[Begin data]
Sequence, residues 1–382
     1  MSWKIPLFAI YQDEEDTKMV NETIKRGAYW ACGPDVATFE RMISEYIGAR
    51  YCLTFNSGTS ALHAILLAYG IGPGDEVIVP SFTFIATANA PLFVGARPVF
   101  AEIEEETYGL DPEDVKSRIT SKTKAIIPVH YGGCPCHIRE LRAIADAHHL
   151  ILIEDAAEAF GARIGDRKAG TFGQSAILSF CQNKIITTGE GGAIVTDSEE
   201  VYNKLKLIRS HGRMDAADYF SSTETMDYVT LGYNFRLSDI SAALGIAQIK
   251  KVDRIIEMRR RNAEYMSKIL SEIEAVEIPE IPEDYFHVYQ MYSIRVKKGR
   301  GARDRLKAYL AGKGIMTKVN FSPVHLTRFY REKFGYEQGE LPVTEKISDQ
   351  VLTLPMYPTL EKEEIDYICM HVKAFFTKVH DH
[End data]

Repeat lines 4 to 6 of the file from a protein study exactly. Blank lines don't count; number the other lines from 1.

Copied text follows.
   101  AEIEEETYGL DPEDVKSRIT SKTKAIIPVH YGGCPCHIRE LRAIADAHHL
   151  ILIEDAAEAF GARIGDRKAG TFGQSAILSF CQNKIITTGE GGAIVTDSEE
   201  VYNKLKLIRS HGRMDAADYF SSTETMDYVT LGYNFRLSDI SAALGIAQIK